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Custom template tags

Let's make our blog list recent entries in the sidebar.

How are we going to do this? We could loop through blog entries in our base.html template, but that means we would need to include a list of our recent blog entries in the template context for all of our views. That could result in duplicate code and we don't like duplicate code.

Tip

If you didn't fully understand the last paragraph, that's okay. DRY or "Don't Repeat Yourself" is a rule of thumb for good programming practice. You might want to read through the Django template documentation again later.

To avoid duplicate code, let's create a custom template tag to help us display recent blog entries in the sidebar on every page.

Note

A custom template tag that itself fires a SQL query enables our HTML templates to add more SQL queries to our view. That hides some behavior. It's too early at this point, but that query should be cached if we expect to use this often.

Where

Let's create a template library called blog_tags. Why blog_tags? Because naming our tag library after our app will make our template imports more understandable. We can use this template library in our templates by writing {% load blog_tags %} near the top of our template file.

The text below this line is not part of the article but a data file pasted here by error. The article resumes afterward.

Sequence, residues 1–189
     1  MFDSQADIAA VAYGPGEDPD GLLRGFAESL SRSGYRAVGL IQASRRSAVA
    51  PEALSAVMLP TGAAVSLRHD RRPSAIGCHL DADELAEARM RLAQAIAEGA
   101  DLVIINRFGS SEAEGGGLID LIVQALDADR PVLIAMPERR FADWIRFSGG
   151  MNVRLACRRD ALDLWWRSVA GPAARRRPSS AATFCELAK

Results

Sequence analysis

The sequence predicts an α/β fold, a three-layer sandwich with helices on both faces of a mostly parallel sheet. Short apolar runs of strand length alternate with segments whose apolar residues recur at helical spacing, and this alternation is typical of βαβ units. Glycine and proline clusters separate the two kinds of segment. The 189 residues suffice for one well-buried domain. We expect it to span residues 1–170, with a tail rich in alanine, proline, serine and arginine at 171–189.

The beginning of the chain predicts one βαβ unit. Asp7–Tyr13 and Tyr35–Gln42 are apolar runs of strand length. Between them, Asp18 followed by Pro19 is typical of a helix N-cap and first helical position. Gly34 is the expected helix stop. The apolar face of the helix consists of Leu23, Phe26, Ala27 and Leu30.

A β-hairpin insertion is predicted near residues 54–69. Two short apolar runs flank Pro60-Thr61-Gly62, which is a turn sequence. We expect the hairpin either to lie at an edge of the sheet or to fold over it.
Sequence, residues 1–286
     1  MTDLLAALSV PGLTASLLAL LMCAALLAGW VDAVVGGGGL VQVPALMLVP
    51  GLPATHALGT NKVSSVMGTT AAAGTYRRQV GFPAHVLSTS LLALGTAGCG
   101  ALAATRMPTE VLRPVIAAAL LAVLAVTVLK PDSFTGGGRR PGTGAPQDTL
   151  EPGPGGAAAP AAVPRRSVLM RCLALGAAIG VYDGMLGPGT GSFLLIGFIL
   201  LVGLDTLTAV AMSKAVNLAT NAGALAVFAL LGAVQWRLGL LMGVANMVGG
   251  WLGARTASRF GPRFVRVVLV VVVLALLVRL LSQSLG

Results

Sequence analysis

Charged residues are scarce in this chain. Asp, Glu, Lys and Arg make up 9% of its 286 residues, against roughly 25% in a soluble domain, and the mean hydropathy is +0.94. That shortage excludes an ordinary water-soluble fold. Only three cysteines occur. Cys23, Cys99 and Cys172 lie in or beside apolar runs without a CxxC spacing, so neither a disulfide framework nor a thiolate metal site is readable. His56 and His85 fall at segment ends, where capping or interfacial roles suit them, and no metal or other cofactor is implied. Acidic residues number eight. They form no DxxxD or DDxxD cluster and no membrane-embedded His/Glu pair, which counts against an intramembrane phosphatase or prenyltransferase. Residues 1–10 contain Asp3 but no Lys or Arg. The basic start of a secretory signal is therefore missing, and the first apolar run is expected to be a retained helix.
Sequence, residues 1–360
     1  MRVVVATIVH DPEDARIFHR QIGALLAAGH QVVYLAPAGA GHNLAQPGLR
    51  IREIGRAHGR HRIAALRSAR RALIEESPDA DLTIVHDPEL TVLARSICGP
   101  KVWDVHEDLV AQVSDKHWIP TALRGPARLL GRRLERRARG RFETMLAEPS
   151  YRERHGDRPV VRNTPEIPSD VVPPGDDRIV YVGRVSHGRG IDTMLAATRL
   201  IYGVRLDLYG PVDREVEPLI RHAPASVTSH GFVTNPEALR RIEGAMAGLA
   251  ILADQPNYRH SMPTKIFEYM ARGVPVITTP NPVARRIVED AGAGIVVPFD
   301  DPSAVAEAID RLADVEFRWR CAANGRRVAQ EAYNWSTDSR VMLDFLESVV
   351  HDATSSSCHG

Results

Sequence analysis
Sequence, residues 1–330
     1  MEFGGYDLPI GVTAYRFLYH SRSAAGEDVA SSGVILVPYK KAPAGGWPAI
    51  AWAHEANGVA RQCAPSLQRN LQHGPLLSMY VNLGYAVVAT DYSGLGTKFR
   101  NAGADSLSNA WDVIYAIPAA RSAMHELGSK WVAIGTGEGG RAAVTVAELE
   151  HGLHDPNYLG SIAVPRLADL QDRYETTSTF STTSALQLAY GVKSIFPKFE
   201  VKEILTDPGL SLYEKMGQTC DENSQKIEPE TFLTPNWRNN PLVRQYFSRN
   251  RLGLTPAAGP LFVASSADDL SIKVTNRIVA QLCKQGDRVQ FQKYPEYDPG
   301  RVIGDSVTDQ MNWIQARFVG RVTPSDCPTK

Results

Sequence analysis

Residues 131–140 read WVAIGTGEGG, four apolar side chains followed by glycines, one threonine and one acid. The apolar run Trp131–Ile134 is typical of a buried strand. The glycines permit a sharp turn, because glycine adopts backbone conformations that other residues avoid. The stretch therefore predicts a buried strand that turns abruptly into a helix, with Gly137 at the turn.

Create a templatetags directory in our blog app and create two empty Python files within this directory: blog_tags.py (which will hold our template library code) and __init__.py (to make this directory into a Python package).

We should now have something like this:

blog
├── admin.py
├── forms.py
├── __init__.py
├── migrations
│   ├── 0001_initial.py
│   ├── 0002_auto_20141019_0232.py
│   └── __init__.py
├── models.py
├── templatetags
│   ├── blog_tags.py
│   └── __init__.py
├── tests.py
├── urls.py
└── views.py

Creating an inclusion tag

Let's create an inclusion tag to query for recent blog entries and render a list of them. We'll name our template tag entry_history.

Let's start by rendering an empty template with an empty template context dictionary. First let's create a templates/blog/_entry_history.html file with some dummy text:

<p>Dummy text.</p>

Now we'll create our blog/templatetags/blog_tags.py module with our entry_history template tag:

from django import template

register = template.Library()


@register.inclusion_tag('blog/_entry_history.html')
def entry_history():
    return {}

Let's use our tag in our base template file. In our base.html file, import our new template library by adding the line {% load blog_tags %} near the top of the file.

Then modify our second column to use our entry_history template tag:

<div class="large-4 columns">